Fonte: Privacy Internacional
Mandatory SIM card registration laws require people to provide personal information, including a valid ID or even their biometrics, as a condition for purchasing or activating a SIM card. Such a requirement allows the state to identify the owner of a SIM card and infer who is most likely making a call or sending a message at any given time.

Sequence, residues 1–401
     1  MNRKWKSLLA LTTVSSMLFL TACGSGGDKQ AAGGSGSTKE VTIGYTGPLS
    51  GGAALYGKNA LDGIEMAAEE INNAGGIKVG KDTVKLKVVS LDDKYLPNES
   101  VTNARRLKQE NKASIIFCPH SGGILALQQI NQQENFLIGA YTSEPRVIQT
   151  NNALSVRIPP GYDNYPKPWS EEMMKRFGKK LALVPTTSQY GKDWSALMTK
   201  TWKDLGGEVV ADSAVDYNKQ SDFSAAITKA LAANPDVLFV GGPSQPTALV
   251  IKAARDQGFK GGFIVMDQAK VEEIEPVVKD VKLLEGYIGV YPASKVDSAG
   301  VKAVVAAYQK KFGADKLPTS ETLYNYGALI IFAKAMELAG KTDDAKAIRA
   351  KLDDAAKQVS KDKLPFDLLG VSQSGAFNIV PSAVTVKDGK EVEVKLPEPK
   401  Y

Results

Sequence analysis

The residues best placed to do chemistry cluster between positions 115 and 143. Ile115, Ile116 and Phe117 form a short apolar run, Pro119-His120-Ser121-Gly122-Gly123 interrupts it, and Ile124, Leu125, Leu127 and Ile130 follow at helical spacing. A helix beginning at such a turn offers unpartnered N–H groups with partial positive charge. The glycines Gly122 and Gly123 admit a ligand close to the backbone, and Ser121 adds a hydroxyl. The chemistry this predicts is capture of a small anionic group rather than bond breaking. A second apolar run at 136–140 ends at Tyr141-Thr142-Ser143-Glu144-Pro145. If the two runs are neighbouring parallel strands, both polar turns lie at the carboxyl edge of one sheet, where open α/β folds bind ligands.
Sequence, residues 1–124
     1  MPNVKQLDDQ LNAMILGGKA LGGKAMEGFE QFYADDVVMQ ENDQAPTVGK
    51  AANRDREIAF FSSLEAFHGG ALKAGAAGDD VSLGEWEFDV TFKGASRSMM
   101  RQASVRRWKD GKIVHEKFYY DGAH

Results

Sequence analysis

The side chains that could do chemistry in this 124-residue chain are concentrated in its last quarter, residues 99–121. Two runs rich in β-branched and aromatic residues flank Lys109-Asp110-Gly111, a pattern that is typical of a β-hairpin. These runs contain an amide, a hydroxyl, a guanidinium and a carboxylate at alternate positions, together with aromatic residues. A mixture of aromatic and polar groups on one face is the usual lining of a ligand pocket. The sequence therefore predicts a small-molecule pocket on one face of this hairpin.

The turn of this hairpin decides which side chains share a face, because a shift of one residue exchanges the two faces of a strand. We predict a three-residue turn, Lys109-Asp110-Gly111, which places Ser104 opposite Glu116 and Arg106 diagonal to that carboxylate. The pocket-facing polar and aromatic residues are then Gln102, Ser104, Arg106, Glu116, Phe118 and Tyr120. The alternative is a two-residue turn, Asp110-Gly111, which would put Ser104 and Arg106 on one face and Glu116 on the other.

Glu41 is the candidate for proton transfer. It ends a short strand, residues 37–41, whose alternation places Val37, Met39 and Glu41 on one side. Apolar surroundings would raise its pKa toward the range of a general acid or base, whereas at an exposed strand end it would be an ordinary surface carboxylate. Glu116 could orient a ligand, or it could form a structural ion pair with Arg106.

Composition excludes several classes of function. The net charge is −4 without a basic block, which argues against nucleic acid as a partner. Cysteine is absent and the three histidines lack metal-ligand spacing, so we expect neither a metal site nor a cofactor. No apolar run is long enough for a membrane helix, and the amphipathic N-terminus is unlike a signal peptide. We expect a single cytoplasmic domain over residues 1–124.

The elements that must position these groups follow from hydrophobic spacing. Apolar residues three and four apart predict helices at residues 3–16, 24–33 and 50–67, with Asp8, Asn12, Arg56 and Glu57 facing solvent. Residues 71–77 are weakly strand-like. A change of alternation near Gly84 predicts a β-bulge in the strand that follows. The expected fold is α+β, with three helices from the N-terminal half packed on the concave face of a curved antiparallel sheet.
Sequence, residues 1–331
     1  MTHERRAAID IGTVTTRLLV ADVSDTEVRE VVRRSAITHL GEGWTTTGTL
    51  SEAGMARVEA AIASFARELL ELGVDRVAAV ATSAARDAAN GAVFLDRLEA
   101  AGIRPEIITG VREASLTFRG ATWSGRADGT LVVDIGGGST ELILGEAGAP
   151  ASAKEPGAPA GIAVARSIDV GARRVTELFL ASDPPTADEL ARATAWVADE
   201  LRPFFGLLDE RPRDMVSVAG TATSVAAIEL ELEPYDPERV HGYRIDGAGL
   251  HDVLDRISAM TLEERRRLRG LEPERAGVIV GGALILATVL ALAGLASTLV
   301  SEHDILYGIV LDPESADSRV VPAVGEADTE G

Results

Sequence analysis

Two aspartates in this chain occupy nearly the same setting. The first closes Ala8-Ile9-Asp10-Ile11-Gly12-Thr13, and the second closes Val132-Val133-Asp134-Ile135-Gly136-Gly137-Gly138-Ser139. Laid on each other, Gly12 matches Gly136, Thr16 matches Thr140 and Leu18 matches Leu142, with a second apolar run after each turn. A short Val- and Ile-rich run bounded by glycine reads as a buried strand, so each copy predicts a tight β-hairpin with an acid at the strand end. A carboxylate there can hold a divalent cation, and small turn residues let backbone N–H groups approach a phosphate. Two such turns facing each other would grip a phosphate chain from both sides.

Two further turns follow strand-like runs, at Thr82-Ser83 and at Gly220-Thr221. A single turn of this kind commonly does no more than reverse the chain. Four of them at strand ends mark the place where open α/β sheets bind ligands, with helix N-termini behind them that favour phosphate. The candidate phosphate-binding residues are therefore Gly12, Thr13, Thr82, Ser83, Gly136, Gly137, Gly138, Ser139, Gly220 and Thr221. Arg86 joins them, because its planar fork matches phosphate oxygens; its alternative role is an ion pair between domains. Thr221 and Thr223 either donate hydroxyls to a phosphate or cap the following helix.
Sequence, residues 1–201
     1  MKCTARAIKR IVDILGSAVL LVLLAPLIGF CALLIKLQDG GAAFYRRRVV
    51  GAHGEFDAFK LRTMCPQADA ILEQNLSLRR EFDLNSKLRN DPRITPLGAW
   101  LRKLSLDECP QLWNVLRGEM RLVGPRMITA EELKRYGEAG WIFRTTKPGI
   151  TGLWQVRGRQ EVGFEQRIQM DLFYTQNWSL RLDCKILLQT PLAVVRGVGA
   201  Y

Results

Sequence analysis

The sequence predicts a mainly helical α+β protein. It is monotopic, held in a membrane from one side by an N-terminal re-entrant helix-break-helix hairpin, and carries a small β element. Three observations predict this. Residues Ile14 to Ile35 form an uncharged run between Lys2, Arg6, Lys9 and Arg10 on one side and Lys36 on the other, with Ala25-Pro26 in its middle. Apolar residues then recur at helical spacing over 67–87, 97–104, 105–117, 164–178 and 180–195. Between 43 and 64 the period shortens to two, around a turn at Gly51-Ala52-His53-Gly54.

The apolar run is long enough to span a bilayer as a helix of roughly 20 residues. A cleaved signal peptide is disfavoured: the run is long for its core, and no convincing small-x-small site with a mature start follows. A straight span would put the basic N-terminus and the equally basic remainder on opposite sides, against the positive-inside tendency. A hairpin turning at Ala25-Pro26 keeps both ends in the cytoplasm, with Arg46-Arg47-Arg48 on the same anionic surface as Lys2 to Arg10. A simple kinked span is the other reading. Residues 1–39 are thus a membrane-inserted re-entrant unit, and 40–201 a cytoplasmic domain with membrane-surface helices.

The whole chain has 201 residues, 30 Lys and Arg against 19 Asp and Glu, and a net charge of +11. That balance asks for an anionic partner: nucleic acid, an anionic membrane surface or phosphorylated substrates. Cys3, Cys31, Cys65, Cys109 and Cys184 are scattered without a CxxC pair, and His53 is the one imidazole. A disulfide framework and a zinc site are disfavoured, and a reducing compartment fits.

SIM card registration undermines peoples’ ability to communicate anonymously, organise, and associate with others, and it infringes their rights to privacy and freedom of expression. By making it easier for law enforcement authorities to track and monitor people, these laws threaten vulnerable groups and facilitate generalised surveillance. People who lack ID, or who do not want to or are unable to disclose such personal information, are excluded from important spheres for formulating and sharing ideas: roughly 1 billion people around the world lack a valid form of government ID and could be prevented from purchasing a SIM card as a result, and journalists, human rights defenders, and people from marginalized or minority communities may fear harassment, intimidation, violence, or persecution if they register. Challenging SIM card registration laws is therefore important to preserving our civic spaces and defending democracy.
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